A U.S. Soccer Federation’s Athlete Council member was removed Sunday after giving a speech at a meeting voicing his opinion against the organization repealing the anti-kneeling policy.
Seth Jahn, 38, was against the U.S. Soccer Federation’s decision to repeal the rule for players barring kneeling during the national anthem. The organization’s board voted to repeal the policy in June and it was affirmed in its annual meeting Saturday with more than 71% voting in favor of the repeal.
The rule was put into place after Megan Rapinoe became the first pro athlete to follow in Colin Kaepernick’s steps and kneel during the anthem to protest racism and police brutality. The U.S. women’s soccer team said last month that it was past the protest phase.
Jahn, who played for the U.S. seven-a-side team in the 2015 Parapan American Games, gave an impassioned speech before the vote.
Some members of the United States team kneel during the playing of the national anthem before a SheBelieves Cup women’s soccer match against Canada, Thursday, Feb. 18, 2021, in Orlando, Fla. (AP Photo/Phelan M. Ebenhack)
“I’m sure I’m going to ruffle some feathers with what I’m about to say, especially given the athletes council that I’m on, but given the evolution of our quote-unquote, progressive culture where everything offends everybody, those willing to take a knee for our anthem don’t care about defending half of our country and when they do so, then I don’t have too much concern in also exercising my First Amendment right,” he said Saturday, via Stars and Stripes FC. “We’re here to get a different perspective. I also feel compelled to articulate that I’m of mixed race and representative of undoubtedly the most persecuted people in our country’s history, Native Americans.”
Jahn said that “95% of deaths in Black communities come at the hands of another Black man.” He said he was citing FBI statistics with that number.
“I keep hearing how our country was founded on the backs of slaves, even though approximately only 8% of the entire population even owned slaves,” Jahn said. “Every race in the history of mankind has been enslaved by another demographic at some point time. Blacks have been enslaved. Hispanics have been enslaved. Asians most recently in our country in the freaking 20th century, have been enslaved. Natives have been enslaved. Whites have been enslaved. Shoot, I lived in Africa for two and a half years where I could purchase people, slaves, between the price of $300 and $800 per person, per head depending on their age, health and physicality.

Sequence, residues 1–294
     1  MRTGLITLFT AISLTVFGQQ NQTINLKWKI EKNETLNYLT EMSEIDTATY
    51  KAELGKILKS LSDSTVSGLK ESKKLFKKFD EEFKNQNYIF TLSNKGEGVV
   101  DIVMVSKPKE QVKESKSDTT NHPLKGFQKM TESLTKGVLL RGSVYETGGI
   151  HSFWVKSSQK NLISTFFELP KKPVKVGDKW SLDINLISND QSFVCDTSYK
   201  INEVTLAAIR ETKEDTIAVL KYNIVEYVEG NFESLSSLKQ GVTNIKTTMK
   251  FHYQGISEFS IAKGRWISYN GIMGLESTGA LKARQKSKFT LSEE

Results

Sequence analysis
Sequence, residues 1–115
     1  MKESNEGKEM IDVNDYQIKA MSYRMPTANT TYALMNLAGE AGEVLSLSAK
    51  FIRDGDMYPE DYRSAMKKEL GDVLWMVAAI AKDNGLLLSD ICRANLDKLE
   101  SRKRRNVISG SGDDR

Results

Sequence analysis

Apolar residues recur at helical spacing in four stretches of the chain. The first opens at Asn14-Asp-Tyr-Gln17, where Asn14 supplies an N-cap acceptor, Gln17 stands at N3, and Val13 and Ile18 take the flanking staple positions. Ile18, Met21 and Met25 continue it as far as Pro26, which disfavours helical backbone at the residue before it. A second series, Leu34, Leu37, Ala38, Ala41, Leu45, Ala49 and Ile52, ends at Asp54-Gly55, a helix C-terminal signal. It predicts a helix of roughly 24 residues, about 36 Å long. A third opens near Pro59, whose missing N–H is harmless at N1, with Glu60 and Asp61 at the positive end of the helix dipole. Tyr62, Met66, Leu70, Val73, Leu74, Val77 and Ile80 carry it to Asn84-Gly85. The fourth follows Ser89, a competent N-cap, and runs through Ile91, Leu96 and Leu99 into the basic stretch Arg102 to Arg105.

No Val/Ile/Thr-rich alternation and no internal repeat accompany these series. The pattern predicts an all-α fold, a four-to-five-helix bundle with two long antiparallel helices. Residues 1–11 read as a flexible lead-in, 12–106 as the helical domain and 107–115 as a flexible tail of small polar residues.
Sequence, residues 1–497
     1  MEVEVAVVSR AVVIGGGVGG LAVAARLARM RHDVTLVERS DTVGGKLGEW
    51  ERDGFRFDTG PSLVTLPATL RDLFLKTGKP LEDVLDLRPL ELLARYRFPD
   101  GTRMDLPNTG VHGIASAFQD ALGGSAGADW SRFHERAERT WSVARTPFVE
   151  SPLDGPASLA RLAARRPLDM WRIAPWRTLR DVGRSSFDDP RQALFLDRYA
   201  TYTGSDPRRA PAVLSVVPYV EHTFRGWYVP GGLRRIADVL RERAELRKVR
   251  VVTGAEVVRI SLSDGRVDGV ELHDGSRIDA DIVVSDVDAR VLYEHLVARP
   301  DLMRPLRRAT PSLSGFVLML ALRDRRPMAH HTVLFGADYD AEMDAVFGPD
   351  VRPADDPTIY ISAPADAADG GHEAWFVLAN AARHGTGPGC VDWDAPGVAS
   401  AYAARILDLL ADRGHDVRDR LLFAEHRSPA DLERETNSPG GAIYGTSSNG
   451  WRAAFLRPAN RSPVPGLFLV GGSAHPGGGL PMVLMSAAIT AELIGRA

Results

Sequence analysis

“Where were the social justice warriors and the news journalists there to bring their ruminations to these real atrocities? And yet in all of history, only one country has fought to abolish slavery, the United States of America, where nearly 400,000 men died to fight for the abolishment of slavery underneath the same stars and bars that our athletes take a knee for. Their sacrifice is tainted with every knee that touches the ground.”
USSF President Cindy Parlow Cone said that the protest wasn’t about the flag and urged repeal.
The following day, the athlete’s council said it had removed Jahn because he “violated the prohibited conduct’s policy section on harassment, which prohibits racial or other harassment based upon a person’s protected status (race), including any verbal act in which race is used or implied in a manner which would make a reasonable person uncomfortable. The athlete’s council does not tolerate this type of language and finds it incompatible with membership on the council. While the council understands that each person has a right to his or her own opinion, there are certain opinions that go beyond the realm of what is appropriate or acceptable.”
The Associated Press contributed to this report.